Dancing Dust

Poems by Mollie Caird (1922-2000)

The death of Ahab

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Go tell Micaiah in his prison cell,
The lying prophets and the Levites tell,
And that black spirit whispering at the Throne;
Tell the gay concubines, tell Jezebel,
Tell scattered soldiers to the wadis fled ―
 ―  Unshepherded they go like sheep, alone ―
Tell all the knees that have not bowed to Baal,
Tell Israel:
Ahab the King is dead.

Now in dim crannied caves his bowmen crouch,
Where black bats hang in bunches thick as grapes
And squatting owls hiss dark malevolence.
Grim, weary, bloodless men build fires and murmur:
‘It was not thus when Ahab lived and throve
And smote the Syrians.  Two little flocks of kids,
We camped among the hills and laughed to see
Benhadad and the kings in their pavilions,
Stupid and flushed with wine and arrogance ―
But how we smote them!  And remember, too,
The day the Lord sent rain.  Then he loved Ahab,
Ahab fleeing the storm, and that wild prophet
Running before his chariot to Jezreel!
Come, pile the fire against the growl and snuffle
Of hungry lions prowling in the gullies;
In the Royal palace in Samaria
The graven lions are ivory and gold,
With shining beasts and leaves and cherubim ―
But Ahab walks in Sheol with the shades.’

So they fall silent and remember now
How this dark day began:

First came the slaves to clean the threshing floor,
Sweeping up chaff and dung and spreading rugs
And setting wooden thrones to seat the Kings,
Israel and Judah.  Now see where they come,
Jehoshaphat and Ahab side by side,
Doves on the skin and foxes in the heart;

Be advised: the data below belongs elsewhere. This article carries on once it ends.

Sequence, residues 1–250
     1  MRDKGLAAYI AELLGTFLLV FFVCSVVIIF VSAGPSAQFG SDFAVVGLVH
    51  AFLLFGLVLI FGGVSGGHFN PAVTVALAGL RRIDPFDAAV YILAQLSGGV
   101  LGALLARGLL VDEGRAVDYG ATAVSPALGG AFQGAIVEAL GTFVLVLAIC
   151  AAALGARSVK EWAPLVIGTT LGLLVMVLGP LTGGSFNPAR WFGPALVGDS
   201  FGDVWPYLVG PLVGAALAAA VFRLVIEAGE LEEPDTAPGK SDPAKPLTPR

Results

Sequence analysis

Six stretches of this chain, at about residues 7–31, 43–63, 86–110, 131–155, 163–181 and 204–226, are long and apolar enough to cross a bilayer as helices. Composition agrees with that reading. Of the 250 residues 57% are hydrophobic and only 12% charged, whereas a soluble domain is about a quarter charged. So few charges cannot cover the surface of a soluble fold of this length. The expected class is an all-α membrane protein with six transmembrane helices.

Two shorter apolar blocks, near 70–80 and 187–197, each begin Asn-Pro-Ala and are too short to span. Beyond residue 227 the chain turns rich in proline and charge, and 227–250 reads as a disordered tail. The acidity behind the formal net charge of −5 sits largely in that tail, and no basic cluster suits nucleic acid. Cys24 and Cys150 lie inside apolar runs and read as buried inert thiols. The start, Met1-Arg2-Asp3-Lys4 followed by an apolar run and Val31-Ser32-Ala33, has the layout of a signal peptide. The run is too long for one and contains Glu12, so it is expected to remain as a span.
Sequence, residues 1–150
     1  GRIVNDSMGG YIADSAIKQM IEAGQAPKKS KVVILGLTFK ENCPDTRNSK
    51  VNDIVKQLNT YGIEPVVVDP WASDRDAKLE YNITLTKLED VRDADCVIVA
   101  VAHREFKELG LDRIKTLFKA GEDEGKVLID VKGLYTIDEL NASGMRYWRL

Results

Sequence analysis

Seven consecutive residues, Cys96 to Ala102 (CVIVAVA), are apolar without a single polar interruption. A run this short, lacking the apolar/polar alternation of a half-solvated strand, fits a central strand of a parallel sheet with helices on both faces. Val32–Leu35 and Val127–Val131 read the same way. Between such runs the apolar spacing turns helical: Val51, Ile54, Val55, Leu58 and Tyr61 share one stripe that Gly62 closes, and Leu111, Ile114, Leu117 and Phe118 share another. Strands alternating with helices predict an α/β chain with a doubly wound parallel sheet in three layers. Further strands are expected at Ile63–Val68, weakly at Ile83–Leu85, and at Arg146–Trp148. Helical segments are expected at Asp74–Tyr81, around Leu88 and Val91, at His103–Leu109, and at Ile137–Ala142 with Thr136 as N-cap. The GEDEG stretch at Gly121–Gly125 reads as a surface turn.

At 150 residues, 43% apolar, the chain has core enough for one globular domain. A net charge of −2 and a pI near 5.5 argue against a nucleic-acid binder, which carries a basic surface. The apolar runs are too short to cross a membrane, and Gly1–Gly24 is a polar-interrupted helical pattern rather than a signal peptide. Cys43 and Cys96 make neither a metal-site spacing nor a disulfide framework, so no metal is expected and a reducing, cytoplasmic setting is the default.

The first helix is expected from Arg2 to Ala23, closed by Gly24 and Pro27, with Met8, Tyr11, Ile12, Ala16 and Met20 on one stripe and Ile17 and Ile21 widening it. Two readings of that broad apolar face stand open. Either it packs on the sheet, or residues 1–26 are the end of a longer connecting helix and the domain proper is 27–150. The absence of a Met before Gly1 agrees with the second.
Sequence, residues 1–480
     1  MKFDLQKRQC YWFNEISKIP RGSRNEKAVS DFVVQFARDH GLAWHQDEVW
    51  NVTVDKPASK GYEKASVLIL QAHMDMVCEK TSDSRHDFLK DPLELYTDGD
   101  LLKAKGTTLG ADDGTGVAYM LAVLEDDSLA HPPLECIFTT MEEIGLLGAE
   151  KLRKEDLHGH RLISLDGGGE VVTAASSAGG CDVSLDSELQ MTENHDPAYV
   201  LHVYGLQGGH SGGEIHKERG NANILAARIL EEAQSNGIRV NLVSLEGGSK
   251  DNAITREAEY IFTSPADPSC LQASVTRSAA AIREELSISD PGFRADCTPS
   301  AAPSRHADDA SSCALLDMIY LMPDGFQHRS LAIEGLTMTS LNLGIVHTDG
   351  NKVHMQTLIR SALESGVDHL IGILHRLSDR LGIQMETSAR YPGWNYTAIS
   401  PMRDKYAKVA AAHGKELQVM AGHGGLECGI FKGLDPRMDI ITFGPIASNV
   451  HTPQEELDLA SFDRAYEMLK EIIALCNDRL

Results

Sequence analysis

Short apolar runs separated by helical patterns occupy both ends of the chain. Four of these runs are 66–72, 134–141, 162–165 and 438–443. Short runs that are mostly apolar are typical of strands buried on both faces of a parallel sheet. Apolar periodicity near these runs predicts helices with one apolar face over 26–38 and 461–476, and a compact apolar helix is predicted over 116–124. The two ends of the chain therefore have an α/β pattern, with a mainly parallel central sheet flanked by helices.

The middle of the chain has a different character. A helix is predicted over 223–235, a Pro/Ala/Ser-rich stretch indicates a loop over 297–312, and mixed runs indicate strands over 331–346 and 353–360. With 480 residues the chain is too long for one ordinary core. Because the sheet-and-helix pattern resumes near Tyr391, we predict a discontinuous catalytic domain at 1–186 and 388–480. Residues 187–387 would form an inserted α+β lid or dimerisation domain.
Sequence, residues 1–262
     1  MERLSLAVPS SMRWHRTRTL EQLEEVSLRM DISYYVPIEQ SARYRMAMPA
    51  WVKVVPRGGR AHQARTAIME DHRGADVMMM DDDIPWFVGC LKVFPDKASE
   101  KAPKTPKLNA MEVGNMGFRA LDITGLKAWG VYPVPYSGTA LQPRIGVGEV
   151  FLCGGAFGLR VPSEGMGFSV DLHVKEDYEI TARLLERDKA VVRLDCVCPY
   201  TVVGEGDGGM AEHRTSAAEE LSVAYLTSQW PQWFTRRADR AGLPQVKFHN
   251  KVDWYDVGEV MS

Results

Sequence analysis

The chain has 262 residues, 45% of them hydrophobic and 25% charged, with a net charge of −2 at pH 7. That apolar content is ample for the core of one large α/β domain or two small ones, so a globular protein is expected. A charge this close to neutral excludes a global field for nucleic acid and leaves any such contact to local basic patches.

They bill and bow with preening protocol,
And watch each other with their foxes’ eyes.
Next come the prophets through the city gate,
In ecstasy, in trance,
They cut themselves with knives and mouth and prance,
Posture with iron horns in ritual dance ―
 ― Availing nothing, and shall not avail:
Since God ordained the King should die by chance.

Last comes Micaiah laughing in his beard:
‘Go up, O King, go up; you shall prevail’,
But Ahab laughs not;
He grinds the truth from that stern prophet’s heart
Between the millstones of his wrath and pride,
Hating the man more than he hates the word.

So was the battle joined at Ramoth-Gilead,
And so the Kings went up:
Jehoshaphat in trappings of a king,
Purple and gold and jewels, a gaudy target,
And Ahab unbedizened, drab and plain
In sober suit of anonymity,
A man among a thousand other men;
Nor did he fear at first in all the clamour ―
The creak of leather and the clash of bronze,
Whine of slung stone and boom of rallying horn,
The reek of dung and horses, sweat and blood,
Dust thick as smoke and stinging flies like dust,
Salt on the lips and on the tongue’s parched tip.
The soldiering blood leapt to his kingly head
And taught him to distrust Micaiah’s words,
Still clutching coldly at his stomach’s pit.

Then in the Syrian host a certain man,
A man without a face, without a name,
Took arrow from his quiver, tipped the shaft,
Stroked feather, tautened string, then kissed or cursed
The arrow ― this we know not ―
Knelt and let fly.

The random shaft went singing through the ranks,